I enjoy the responses I get when somebody asks me about my educational background. Once I tell them that I studied “wood science” they often are puzzled. What is that?
During my career, I have performed proprietary third-party mechanical, physical, and chemical tests for new and existing wood-based products, biocides, coatings, etc. so that they could gain approval/re-registration from the Environmental Protection Agency (EPA).
Wood science is extremely important for utilizing one of the world’s most widely used natural resources, not many are aware of the types of research that goes into this field.
Below are some of the main areas of wood science research. As technology advances, these areas also continue to evolve.
This is the research of wood decay, and the information gathered through this research has a wide-range of industrial applications. Improvement in the science of wood product durability is a result of this type of research. For those who want to learn more about how to sustainably design and manage wood products, this is the field of research for them.
Wood composite materials research ranges from composite manufacturing to formaldehyde-free adhesives to the study of composite fracturing. All of this is important when trying to understand the ever-changing applications of wood composites and the diverse range of materials that can be used to make them.
Forest product innovation relies on the research of business management and marketing strategies for these products. Those who study this area learn marketing in renewable materials, corporate responsibility, and how to use the competitiveness of the industry as an advantage.
The use of wood in green building and sustainable design has increased and so has the research of this area. The development of reliable wood-based green materials is in high demand as the market for green products continues to grow.
Timber engineering and structural wood design involves advanced mathematical and engineering, including the studying of materials and components, the performance of structural systems and fasteners, and the design of wood structures. This research helps determine the integrity of wood structures.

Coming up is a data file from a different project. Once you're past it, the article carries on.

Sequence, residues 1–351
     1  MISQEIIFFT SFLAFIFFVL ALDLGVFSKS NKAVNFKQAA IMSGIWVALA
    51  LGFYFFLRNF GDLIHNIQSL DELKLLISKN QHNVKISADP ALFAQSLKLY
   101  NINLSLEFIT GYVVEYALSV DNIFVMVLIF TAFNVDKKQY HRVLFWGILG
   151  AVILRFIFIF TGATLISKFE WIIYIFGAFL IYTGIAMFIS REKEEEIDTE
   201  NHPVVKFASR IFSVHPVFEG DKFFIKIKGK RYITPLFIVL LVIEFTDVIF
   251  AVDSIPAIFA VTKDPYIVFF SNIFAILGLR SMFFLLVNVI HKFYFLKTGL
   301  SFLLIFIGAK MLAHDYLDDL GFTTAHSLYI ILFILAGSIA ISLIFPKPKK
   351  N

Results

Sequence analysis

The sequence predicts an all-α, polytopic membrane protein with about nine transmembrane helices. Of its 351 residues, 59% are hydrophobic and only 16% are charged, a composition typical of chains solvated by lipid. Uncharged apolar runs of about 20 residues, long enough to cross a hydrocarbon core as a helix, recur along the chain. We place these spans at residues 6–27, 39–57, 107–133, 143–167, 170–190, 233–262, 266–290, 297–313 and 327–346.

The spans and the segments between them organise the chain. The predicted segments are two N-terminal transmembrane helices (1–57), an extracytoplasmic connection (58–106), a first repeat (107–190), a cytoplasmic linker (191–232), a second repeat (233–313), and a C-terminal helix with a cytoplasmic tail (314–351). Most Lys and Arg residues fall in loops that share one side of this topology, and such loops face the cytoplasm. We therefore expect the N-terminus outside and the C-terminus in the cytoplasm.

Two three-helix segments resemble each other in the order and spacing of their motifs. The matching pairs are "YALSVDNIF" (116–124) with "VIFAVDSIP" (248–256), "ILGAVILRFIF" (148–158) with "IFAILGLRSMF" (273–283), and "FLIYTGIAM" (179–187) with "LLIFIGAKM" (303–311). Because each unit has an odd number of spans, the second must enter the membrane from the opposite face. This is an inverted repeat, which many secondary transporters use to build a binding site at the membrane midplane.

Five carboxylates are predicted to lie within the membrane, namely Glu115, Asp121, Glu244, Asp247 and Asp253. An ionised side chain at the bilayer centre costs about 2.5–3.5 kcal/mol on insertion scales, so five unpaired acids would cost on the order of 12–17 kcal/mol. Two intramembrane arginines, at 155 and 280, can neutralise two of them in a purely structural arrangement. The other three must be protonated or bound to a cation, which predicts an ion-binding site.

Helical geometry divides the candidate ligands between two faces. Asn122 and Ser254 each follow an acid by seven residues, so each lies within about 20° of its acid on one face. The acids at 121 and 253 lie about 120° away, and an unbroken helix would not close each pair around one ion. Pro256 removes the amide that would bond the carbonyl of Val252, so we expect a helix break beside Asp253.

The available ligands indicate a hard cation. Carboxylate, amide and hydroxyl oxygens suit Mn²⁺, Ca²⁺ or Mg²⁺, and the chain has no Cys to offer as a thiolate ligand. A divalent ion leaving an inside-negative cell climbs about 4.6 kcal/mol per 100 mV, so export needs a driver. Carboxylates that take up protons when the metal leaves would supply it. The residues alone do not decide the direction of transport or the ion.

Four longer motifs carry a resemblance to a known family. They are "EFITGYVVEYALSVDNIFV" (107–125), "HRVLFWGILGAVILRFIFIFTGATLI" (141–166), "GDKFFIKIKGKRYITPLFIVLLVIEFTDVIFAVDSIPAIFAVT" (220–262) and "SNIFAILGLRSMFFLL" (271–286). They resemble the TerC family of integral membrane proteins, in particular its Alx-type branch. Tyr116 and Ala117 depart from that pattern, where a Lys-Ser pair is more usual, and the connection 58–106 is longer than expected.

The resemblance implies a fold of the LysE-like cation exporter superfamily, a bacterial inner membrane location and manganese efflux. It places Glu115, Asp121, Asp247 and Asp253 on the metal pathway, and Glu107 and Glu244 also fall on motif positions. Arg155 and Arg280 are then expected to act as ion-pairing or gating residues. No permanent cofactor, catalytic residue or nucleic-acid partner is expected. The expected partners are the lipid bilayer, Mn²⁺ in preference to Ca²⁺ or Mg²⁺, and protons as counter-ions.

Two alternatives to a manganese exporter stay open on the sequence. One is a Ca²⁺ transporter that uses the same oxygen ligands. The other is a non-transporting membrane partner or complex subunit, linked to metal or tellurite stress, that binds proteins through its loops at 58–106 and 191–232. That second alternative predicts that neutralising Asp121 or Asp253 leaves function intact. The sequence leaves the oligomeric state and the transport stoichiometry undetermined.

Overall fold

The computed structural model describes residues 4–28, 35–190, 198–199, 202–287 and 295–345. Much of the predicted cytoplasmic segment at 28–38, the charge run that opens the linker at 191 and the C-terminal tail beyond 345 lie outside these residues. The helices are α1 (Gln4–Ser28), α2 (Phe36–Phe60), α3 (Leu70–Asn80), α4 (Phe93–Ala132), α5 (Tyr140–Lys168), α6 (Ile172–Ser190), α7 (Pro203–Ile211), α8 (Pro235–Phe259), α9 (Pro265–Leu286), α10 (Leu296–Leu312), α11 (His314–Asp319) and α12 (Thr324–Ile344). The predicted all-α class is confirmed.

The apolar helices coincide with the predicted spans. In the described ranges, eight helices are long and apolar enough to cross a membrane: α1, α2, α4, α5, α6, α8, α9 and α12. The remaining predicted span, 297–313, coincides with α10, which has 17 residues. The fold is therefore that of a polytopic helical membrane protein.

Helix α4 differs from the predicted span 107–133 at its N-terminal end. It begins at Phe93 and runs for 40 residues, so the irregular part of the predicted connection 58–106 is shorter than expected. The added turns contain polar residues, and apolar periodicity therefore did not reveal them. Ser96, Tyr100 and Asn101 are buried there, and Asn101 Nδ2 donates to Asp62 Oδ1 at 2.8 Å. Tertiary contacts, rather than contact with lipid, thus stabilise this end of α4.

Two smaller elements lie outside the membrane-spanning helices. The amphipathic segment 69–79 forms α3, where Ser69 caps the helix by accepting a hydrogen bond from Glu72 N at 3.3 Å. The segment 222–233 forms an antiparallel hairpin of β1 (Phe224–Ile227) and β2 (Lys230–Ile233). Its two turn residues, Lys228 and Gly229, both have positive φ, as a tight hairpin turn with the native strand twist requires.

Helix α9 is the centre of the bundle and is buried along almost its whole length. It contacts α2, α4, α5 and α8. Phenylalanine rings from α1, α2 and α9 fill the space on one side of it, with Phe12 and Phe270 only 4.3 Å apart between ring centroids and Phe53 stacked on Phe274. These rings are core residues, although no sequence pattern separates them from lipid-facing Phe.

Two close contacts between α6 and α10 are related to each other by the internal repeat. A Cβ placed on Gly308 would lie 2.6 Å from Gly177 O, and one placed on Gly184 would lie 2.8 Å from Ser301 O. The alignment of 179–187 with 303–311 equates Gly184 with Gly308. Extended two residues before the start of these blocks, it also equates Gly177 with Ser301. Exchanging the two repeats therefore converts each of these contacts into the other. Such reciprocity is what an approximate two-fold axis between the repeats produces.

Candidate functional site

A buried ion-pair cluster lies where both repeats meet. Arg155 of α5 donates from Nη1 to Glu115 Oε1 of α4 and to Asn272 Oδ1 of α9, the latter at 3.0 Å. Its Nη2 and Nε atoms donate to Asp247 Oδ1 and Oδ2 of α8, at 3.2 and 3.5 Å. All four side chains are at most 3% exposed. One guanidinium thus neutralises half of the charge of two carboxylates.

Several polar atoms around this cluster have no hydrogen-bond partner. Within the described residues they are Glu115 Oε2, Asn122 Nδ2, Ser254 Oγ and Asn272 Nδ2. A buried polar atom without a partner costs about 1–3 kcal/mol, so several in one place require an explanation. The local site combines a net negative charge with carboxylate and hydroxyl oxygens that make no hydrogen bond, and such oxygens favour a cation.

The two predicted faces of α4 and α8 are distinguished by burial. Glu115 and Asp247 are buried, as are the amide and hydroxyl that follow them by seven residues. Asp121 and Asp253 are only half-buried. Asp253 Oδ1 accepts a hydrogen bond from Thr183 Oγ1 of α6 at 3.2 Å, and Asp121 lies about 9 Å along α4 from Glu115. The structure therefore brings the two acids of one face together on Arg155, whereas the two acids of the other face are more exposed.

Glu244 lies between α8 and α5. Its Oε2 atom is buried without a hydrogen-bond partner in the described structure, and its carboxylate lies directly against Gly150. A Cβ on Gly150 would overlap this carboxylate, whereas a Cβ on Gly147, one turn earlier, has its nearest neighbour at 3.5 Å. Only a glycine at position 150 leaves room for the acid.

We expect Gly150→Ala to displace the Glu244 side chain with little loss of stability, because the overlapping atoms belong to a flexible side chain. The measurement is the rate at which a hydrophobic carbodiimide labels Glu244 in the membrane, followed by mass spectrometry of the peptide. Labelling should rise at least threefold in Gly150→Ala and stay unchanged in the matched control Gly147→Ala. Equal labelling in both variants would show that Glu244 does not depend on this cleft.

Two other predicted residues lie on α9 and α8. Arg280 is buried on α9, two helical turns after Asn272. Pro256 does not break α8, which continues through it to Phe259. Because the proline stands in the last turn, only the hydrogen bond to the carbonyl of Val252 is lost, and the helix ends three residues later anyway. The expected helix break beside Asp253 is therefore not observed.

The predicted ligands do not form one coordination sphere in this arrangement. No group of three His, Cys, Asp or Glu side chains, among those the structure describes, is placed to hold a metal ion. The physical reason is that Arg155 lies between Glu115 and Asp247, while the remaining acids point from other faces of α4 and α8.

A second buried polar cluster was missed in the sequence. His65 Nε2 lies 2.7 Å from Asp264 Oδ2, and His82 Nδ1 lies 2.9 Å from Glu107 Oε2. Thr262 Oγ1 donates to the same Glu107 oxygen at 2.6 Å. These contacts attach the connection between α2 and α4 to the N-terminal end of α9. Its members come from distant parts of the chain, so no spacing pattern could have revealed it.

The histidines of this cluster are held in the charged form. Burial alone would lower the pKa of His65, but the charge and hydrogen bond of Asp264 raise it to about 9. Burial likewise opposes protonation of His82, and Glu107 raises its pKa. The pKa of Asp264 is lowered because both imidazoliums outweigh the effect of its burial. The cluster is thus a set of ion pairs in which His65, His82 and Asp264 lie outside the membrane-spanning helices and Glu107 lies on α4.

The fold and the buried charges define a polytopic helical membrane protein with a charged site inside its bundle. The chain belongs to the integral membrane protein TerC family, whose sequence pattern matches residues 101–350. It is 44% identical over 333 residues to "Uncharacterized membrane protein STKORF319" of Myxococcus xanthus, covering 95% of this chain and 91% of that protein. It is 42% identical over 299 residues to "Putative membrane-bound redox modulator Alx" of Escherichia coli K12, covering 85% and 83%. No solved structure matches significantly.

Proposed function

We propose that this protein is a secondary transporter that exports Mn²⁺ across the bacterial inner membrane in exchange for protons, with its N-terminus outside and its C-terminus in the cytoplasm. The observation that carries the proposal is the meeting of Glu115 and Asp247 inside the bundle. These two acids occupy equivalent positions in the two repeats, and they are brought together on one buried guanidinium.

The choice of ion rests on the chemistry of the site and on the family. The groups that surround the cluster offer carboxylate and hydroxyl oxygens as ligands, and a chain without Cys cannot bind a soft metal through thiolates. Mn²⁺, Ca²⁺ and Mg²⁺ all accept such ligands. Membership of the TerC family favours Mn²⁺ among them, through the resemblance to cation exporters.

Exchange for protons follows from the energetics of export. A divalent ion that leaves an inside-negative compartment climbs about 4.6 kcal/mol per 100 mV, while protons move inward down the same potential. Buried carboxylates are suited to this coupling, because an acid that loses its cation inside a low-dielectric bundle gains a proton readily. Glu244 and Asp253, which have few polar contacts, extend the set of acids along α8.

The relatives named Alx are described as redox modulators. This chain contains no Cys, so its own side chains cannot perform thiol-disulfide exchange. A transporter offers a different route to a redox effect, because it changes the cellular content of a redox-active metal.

The natural coloration of wood by fungi—or spalting—is another area of wood science research that some find fascinating. This field of study explores this process and sometimes unexpected aesthetic or commercial opportunities which come along as a result.
Perhaps the fasting growing area of wood research is bioenergy and includes many agricultural residues that are not even wood such as sugar cane bagasse, corn stover, etc. This research identifies cost effective methods of converting wood and other raw materials into pellets and thermo-chemical methods to develop energy such as pyrolysis, gasification, super critical conversion, and liquefaction.
For more information on wood science research, please visit DrToddShupe.com.
Meet the Author
Dr. Todd Shupe is the President of Wood Science Consulting, LLC. He is a well-recognized expert on wood forensics, wood preservation, wood decay and degradation, and wood species identification. He has a broad background in new product development, quality management, and marketing and sales in both the public and private sectors. For more information please visit DrToddShupe.com.
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